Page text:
So here's a joke that comments on the matter:
There was this helicopter with a pilot and passenger on board and they were lost in the fog somewhere around Seattle. The GPS was out, and so was the radio, and they had no idea where they were. Then up out of the fog loomed a tall city building. They flew in close and hovered and they could see people inside. The pilot told the passenger to write up a sign to ask "WHERE ARE WE?" and hold it up so the people in the building could see it.
The people inside the building squinted at the sign, and then hurried around to make up a sign of their own. They wrote it out and held it up to the window: "YOU'RE IN A HELICOPTER."
The pilot gave them the thumbs up and flew right off -- straight to Seattle Airport, without any trouble at all.
As they walked away from the copter, the passenger turned to pilot and said, "How on earth did that tell you where we were?"
"Simple," said the pilot. "The answer was accurate but not helpful... so that must have been the Microsoft Tech Support building in Redmond!"
The idea that any forum, but especially KB, has a "survivor bias" is very much like being told we're in a helicopter. It's true of every club, every institution, every organization, every forum. And it is most especially true of the profession of writing. (Or art, or entrepreneurship, or restauranteur.)
The sorting out of members of any group is so basic to the concept of entrepreneurship, you can hardly call it a bias. It's actually a correction against a bad data set in the first place: For instance, the life span of some insects, or maybe even sea turtles. If they survive infancy, they have a certain measurable lifespan. But if you include all the eggs laid, or even hatched, that drags the actual average down to a low number which doesn't actually reflect the normal life-cycle, in that the vast majority of the species either dies much earlier, or lives much longer.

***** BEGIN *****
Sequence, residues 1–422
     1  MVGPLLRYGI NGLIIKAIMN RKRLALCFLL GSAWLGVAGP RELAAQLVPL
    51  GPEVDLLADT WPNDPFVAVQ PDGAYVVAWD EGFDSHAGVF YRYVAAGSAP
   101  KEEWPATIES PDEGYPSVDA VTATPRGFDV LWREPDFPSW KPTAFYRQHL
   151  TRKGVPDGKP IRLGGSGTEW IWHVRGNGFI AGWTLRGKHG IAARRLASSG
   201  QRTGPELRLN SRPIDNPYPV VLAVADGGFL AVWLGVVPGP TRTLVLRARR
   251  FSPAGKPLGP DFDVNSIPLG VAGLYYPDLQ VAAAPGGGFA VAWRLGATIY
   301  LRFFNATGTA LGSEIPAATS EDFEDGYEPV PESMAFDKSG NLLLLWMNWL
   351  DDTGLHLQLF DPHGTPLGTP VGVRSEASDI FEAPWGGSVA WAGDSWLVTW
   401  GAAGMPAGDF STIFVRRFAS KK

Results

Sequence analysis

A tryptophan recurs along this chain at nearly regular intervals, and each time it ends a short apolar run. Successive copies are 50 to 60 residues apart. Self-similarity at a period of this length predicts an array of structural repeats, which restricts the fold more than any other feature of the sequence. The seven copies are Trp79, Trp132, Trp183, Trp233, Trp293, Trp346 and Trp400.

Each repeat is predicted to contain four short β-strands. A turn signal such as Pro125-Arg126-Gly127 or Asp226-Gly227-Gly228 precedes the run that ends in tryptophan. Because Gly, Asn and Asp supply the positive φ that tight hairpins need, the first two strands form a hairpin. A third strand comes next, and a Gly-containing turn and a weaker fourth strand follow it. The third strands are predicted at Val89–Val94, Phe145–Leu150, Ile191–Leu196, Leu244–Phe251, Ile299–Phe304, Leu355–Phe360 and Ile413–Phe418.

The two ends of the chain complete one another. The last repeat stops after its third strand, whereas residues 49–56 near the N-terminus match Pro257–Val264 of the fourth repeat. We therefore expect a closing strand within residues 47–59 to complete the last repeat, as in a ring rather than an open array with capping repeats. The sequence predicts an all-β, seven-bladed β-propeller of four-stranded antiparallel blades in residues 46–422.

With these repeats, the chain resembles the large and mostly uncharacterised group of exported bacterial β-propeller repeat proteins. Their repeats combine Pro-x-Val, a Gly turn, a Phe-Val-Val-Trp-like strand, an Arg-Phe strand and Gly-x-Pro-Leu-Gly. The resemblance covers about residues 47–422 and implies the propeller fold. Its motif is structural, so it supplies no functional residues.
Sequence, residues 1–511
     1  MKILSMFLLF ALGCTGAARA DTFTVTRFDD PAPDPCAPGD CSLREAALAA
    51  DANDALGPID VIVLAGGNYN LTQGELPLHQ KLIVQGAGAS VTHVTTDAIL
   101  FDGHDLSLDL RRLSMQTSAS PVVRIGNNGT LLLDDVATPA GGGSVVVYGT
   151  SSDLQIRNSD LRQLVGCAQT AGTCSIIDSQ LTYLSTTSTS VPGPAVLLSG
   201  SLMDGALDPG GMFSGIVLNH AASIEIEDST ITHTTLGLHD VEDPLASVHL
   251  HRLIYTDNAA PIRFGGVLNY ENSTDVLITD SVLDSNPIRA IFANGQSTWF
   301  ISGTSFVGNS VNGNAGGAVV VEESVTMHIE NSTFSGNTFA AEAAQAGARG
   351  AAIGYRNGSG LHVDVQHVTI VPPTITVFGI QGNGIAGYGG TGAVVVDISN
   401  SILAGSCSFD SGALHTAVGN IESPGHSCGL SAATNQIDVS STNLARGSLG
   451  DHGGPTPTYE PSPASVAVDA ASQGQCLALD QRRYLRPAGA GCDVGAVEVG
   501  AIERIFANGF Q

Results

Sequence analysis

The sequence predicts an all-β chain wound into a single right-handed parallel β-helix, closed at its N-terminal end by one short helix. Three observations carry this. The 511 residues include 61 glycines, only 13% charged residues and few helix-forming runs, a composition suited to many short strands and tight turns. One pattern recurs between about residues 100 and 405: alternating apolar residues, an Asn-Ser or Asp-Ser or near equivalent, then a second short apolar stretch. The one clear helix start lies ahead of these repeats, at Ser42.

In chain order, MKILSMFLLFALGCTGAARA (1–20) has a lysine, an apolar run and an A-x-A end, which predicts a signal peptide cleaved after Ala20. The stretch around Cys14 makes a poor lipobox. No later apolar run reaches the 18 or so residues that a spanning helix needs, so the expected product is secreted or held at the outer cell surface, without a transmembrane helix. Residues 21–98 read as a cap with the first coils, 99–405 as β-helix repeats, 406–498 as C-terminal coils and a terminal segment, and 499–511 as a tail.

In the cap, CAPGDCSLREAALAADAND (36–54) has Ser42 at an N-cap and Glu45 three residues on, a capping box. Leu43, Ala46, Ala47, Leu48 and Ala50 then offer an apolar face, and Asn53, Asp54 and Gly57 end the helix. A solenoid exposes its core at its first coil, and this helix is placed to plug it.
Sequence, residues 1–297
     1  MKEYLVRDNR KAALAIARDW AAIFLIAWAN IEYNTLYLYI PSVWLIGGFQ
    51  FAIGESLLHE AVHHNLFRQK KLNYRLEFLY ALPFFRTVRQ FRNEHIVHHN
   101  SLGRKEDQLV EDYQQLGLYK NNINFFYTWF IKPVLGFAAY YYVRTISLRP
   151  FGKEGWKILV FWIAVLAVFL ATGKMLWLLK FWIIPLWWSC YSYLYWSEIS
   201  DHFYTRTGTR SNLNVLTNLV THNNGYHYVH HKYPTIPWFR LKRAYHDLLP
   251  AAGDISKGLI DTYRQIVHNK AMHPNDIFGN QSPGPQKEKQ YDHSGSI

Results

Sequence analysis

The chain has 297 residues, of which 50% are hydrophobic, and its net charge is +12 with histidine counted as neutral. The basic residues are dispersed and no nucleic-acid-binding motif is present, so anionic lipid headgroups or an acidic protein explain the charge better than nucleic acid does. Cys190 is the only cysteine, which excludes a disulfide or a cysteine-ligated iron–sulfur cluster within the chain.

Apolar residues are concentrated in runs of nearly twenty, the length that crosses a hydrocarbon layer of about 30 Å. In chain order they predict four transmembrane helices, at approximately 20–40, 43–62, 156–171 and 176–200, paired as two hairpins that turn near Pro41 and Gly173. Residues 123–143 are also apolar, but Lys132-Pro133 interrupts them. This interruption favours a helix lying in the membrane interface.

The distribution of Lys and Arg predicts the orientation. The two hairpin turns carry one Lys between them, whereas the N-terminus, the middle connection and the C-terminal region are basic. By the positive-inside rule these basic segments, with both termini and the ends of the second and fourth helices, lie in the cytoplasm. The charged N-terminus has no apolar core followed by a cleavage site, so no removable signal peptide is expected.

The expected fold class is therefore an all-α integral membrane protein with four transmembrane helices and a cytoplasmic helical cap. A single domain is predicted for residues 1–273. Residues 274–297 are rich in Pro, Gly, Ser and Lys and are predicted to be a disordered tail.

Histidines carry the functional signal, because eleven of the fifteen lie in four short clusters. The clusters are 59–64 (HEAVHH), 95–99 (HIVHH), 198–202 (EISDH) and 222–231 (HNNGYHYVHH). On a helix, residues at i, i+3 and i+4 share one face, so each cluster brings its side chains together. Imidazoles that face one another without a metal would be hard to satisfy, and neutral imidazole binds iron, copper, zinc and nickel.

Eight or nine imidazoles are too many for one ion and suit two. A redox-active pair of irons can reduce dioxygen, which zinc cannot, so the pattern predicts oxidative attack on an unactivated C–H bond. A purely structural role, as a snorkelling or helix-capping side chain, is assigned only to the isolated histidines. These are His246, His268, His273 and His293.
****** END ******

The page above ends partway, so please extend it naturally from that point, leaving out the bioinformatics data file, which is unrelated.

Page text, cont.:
The idea that successful people speak up more is actually a different bias. (And it isn't just about success. People who feel they've been done wrong also tend to speak up more -- so there is a bias toward conspiracy theories too.)
I've been in a lot of groups where the success/complaint bias has been extremely strong, and you can usually demonstrate it with polls and such. But I've never been able to catch this group in the level of bias you find in others. That's partly because self-publishing is more complex than some of the other places I've been, but it's also because it seems like HERE, people speak up a little more.
Not a lot, often just a little whine "I've only had four sales this month!" or something like that. And nobody here treats a person who says that like they're unusual. People make suggestions if asked, or they commiserate. As often as not, you get other people saying (without giving numbers) "My sales are down too." (While others say "Hey, MY sales are way up!")
What I like, though, is that there is a large variety of "success" levels among people who actually report things here. And people talk to each other in private too. This ISN'T a place where people go around setting specific goal posts, like saying that if you have X number of books you should be making XXXX amount per month. Everybody here knows and says often; EVERYTHING VARIES.
So saying that this group demonstrates "survivor bias" may be technically accurate, but it is not actually useful. And it's more a reflection of the writing profession as a whole than it is of this particular place.